On orders from Deputy Chief Dixon, defendant Proctor prepared a "special report" on plaintiff Lee's statements. The Court is skeptical of the defendants' characterization of Lee's statements as "recklessly inaccurate speech". Are the Regulations Facially Unconstitutional? Consequently, the Court has held that "any system of prior restraints of expression comes to this Court bearing a heavy presumption against its constitutional validity. Lieutenant Joseph Herr, in an interdepartmental memorandum to Chief Coleman, advised that during the incident reported by The Washington Times the Latex gloves had failed to protect two firefighters from exposure to the victim's blood.
He parked his automobile on Department property with the bumper sticker attached.
Crazy Sticker Guy Store
Defendants' Opposition at 7. Firefighters Dypsky, Darmstead and Dowey To determine whether the expression of firefighters Dypsky, Darmstead and Dowey involved a matter of public concern, the Court must examine not only the actual words themselves, but also the context and manner of their expression. City of Montegomery, F. They argue that neither regulation provides firefighters with fair notice of the proscribed conduct; also, that the terms of each regulation are incapable of objective definition. Privately owned vehicles displaying any of the above-mentioned decals, stickers, etc. The defendants dispute the existence of the so-called Press Access Policy, arguing that at most it represents an interpretation of Memorandum 38 by certain Department officials.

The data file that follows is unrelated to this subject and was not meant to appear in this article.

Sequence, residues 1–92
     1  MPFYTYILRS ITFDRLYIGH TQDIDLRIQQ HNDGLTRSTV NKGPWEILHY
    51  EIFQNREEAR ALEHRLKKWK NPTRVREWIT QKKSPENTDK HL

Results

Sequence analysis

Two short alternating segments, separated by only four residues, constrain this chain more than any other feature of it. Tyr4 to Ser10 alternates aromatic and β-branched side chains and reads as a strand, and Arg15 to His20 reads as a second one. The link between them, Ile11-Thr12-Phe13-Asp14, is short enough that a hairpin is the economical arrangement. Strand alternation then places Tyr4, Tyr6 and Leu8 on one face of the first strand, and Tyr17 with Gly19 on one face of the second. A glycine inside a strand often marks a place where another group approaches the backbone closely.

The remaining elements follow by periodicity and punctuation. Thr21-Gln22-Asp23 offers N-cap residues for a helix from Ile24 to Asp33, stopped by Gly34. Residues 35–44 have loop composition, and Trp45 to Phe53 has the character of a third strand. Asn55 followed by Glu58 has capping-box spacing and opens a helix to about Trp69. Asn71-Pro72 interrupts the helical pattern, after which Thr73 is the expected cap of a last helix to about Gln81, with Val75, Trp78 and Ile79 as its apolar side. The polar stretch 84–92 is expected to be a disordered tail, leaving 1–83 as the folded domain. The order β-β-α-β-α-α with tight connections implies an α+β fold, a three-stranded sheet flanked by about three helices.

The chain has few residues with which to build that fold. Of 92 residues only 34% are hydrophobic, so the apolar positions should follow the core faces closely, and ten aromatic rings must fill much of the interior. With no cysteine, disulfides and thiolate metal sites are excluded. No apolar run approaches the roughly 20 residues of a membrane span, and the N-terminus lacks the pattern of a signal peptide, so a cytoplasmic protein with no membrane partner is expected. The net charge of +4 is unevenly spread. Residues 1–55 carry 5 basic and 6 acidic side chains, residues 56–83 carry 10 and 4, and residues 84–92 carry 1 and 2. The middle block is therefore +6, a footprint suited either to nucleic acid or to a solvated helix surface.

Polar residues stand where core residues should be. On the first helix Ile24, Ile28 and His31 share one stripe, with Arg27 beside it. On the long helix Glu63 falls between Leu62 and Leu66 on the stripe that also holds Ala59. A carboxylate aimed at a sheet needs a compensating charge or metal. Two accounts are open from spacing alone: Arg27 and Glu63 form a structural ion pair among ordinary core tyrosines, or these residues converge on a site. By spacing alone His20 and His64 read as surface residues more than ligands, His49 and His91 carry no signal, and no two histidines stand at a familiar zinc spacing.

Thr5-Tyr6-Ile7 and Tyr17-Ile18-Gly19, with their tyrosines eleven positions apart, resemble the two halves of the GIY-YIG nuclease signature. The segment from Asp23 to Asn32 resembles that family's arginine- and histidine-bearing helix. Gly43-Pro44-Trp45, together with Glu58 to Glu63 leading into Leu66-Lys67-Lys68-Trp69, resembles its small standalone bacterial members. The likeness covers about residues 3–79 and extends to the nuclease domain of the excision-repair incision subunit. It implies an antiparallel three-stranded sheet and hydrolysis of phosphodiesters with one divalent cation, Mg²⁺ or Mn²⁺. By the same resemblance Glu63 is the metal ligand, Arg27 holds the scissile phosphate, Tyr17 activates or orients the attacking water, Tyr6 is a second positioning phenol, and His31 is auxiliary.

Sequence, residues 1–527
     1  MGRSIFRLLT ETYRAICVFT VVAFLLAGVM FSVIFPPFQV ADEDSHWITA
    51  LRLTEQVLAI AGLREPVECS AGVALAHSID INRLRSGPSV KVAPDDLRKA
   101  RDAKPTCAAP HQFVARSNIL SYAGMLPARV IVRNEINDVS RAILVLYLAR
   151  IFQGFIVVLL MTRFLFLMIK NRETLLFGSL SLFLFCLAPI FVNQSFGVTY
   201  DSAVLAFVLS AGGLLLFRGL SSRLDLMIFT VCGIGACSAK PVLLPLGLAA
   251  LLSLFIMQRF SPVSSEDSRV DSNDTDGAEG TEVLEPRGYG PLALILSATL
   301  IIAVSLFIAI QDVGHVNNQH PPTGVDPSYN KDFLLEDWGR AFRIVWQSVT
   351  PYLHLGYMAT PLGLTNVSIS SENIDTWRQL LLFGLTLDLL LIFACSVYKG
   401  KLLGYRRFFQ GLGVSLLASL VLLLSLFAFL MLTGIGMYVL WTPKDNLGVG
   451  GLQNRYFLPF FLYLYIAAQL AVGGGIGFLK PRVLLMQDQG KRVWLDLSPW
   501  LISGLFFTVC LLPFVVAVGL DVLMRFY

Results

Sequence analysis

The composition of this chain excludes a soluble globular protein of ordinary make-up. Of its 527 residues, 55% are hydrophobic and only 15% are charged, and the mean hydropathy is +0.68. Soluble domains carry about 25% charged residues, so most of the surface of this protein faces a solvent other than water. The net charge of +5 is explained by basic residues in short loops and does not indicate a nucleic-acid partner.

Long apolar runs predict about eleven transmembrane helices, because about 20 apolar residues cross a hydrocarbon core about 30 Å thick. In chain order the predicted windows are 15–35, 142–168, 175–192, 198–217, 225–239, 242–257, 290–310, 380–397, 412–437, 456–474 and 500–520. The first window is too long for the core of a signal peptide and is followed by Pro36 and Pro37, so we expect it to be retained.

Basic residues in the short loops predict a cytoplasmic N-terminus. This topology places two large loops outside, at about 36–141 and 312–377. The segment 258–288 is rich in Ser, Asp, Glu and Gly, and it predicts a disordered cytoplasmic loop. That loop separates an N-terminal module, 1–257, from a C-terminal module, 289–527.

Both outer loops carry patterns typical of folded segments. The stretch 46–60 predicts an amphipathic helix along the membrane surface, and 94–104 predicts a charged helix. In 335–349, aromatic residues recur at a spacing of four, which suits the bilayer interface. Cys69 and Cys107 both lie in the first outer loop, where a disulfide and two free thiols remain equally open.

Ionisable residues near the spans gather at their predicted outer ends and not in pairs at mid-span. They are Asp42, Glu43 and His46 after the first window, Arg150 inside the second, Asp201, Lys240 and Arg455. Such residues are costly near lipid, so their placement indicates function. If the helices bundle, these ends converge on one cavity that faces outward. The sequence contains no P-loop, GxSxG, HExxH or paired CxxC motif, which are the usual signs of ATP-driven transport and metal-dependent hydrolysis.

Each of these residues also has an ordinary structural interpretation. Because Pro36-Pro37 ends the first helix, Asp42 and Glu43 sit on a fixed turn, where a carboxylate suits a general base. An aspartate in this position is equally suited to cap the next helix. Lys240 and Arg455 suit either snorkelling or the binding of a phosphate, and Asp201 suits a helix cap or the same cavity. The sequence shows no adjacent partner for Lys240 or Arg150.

The Court held, in Connick, that the employee's speech must involve a matter of public concern to invoke the Pickering balancing test; otherwise, a court should not interfere with the management decisions of the government as an employer. Several other courts have upheld facial challenges to "catch-all" provisions similar to the one found in Article VI, Section 4 of the Fire Department's Order Book. A firefighter seeking to comply with the regulation is not sure, for instance, whether a bumper sticker carrying the message "D. Laws which by their terms are susceptible to widely ranging interpretations encourage arbitrary and discriminatory application. Where such regulations fail to include "narrow, objective and definite standards to guide the licensing authority", the Supreme Court has struck them down as facially unconstitutional. In both Waters and Brasslett, the courts found the government's evidence of disruption to the police department lacking. The backdrop to this litigation paints a scene of continuing negative publicity about the District of Columbia's Fire Department.